MORE THAN A CENTURY AGO: Students from Gunalda State School circa 1890 with teacher Sara Johnston (middle row, left).
MORE THAN A CENTURY AGO: Students from Gunalda State School circa 1890 with teacher Sara Johnston (middle row, left). Contributed

Gunalda school always 'on track'

AS WITH most of the Gympie region, James Nash's discovery of gold in Gympie in 1867 spurred the biggest growth spurt for the Gunalda area.

However there were already a number of colonial settlers and squatters in the area, attempting to build pastoral stations and other agricultural ventures to secure their future.

With the legendary strike "near Curra” streams of diggers from southern states and around the globe hastened immigration to the parishes of Gootchie, Curra, Gunalda and Thompson's Flat.

It was at Thompson's Flat the first moves were made to build a provisional school in March 1881 and by June the people of the area had raised more than £50 to put towards the construction of a school house and the furniture to go in it.

In Chinese culture the number eight is considered lucky and but it's more likely to be coincidence the committee chose the eighth of the eighth (August), 1881 to officially open the school with 28 students.

Moves were made by the school committee to have the school replaced by a state school in 1884 but this was quashed by the Education Department as the school was losing students to a newly established provisional school at Slatey Creek, some 31/2 miles away.

The crowd assembled at the opening of the new school on the present site in 1954.
The crowd assembled at the opening of the new school on the present site in 1954. Contributed

As the site of the school was right next to Gympie/Maryborough Railway line and just down from the Gunalda Railway Station, and because the new pupils would be coming from elsewhere in the Gunalda area, it was decided in 1888 to rename the school Gunalda Provisional School.

At the start of a new page in the admission's register in September 1889, the name was changed.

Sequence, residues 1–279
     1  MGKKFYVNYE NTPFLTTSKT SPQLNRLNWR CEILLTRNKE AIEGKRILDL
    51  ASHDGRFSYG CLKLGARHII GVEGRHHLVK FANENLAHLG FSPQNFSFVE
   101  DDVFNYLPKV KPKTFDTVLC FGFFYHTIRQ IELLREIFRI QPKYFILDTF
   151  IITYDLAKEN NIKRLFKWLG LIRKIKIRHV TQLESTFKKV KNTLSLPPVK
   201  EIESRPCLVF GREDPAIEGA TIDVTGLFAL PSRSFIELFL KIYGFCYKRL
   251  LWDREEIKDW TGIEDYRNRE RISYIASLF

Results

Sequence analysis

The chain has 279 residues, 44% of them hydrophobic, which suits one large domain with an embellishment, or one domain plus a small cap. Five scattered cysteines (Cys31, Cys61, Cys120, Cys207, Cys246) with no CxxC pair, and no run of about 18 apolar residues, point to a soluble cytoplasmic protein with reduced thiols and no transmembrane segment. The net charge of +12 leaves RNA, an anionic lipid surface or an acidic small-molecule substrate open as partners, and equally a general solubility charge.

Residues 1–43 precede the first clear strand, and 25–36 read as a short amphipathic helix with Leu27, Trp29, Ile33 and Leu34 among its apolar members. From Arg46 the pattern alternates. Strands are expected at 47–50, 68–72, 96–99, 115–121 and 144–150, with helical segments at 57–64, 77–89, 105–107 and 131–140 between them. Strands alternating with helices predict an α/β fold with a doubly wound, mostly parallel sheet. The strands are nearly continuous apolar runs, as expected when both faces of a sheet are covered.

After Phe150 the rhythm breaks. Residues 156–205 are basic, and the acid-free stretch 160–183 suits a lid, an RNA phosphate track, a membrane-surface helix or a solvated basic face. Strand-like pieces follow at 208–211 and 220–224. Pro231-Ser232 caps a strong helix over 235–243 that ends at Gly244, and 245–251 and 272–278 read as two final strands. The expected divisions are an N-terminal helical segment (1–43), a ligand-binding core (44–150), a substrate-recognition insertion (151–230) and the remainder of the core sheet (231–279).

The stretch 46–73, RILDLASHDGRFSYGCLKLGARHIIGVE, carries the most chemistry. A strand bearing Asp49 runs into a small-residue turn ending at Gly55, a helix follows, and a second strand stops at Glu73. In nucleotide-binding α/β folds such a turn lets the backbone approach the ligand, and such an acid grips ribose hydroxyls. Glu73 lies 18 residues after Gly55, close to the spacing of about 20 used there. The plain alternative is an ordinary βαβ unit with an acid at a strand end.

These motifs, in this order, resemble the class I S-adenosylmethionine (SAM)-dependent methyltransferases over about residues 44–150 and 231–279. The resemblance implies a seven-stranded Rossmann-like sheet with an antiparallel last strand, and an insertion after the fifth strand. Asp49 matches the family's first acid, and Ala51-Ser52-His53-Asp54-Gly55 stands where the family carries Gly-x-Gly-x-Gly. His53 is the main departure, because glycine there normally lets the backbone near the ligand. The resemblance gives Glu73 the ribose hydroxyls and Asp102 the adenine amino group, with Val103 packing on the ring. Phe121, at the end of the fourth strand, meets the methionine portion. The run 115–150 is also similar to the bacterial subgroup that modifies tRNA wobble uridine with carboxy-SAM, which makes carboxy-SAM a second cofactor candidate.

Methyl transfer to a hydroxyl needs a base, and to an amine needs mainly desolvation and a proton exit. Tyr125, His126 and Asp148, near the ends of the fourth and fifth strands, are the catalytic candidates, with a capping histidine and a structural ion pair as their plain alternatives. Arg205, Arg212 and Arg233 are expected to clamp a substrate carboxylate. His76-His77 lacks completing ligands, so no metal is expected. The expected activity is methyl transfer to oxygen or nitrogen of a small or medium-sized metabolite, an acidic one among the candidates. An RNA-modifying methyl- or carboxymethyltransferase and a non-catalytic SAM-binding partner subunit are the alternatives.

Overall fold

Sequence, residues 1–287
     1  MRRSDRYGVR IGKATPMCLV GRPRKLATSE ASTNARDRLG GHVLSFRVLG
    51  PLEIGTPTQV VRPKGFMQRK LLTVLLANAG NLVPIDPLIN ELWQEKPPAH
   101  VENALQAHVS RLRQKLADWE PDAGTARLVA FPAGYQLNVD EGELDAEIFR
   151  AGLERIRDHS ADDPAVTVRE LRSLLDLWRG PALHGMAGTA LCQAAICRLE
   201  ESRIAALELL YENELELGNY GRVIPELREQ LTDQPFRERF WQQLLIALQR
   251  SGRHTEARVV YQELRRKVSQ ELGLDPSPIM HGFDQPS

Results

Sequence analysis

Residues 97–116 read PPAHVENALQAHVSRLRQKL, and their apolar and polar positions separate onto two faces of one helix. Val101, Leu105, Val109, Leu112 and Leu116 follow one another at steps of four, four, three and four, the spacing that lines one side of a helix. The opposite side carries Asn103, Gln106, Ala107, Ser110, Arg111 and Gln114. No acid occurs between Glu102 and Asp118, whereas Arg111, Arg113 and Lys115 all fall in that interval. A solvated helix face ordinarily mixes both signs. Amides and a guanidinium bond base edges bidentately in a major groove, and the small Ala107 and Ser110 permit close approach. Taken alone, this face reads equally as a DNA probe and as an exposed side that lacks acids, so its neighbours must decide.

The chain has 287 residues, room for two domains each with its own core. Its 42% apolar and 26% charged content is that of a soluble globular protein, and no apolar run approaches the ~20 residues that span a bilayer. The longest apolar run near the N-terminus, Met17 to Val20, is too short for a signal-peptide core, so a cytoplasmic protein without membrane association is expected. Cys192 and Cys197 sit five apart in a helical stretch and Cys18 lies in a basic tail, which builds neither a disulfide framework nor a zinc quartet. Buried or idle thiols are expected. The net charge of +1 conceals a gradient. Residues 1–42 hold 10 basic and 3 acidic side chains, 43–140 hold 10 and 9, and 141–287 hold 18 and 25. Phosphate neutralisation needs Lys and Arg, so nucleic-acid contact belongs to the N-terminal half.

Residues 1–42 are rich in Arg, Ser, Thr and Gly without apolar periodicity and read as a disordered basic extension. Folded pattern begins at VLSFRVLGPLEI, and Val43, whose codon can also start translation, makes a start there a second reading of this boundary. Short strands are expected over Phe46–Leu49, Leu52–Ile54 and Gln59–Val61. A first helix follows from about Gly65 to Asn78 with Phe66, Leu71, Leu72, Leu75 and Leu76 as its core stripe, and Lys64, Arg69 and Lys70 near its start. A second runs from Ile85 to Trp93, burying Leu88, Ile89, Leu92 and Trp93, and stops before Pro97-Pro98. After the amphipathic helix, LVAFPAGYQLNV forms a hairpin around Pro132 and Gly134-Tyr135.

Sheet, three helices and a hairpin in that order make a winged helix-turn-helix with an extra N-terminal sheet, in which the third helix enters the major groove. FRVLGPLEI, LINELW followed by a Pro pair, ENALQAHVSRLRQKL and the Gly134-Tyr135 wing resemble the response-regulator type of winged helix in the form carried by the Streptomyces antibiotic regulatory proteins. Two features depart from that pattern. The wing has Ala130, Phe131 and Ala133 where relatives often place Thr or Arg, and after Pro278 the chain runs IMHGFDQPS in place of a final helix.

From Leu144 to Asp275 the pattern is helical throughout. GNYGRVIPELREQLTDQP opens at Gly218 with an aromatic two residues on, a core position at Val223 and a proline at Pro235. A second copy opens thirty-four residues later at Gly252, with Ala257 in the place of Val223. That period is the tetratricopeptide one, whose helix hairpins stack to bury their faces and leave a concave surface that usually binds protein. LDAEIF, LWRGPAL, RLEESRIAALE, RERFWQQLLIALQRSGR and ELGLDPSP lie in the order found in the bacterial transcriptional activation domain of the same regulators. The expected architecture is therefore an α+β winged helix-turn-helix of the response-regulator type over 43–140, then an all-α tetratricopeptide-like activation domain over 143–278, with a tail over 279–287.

"There has been no recent settlement at Thompson's Flat, nor is there likely to be as the land open for selection has already been secured. The principal occupation of the people is timber-getting,” wrote general inspector D. Ewart in 1888 in his report.

The people in the area went through a financial rough patch and moves were made to the department to be again considered as a state-funded school as the school was starting to fall into disrepair.

When the department demanded residents find the money to effect repairs, the secretary of the school committee, J. Robinson, wrote back:

"The season is one of the worst known by any person that has lived here for the last 20 years. There is men (sic) living round Gunalda that have not earned six pence for the last nine months, on that it is impossible to get money from them, 2 have seen some of the parents and they

all state we shall have to wait until better times come.”

A decade later, a new school was erected, funded by the residents and in 1908 the school finally became a state school.

In 1924 the committee began their efforts to have the school moved from its low-lying position, and was unintentionally supported by the Railway Department.

This occurred when in 1932 a railway deviation in connection with the North Coast Railway resulted in around 5a (2ha) of school land being resumed by the department, causing a 15ft (4.5m) embankment to block the ventilation to the school and a culvert, to drain stormwater from the high side of the embankment was made which drained directly into the middle of the school grounds.

The head teacher, Alfred Collins, wrote of the hazards to the children at the time:

"To reach school some children must either crawl through or jump over railway fences, and cross the line, on which trains are running.”

This battle was fought for a further 20 years before finally, in 1954 a new school in front of the old school was built and opened.

Renovations, updates and new buildings were erected again in the 1970s including a library, a play shed, an adventure playground and tennis court.

In 1981, the school celebrated its centenary and today has 136 years of history contained within its walls.

INTERESTING FACTS - GUNALDA

THE first recorded white man in the Gunalda area was Jim Davis, the legendary "Durramboi” who escaped from Moreton Bay Convict Settlement and lived with Kabi Kabi tribesmen for 15 years. Durramboi was recaptured at Tiaro by whaler Andrew Petrie in 1842, when he sailed his whaleboat up the Wide Bay River.

Gunalda township was originally surveyed as the township of Keelar in 1883.

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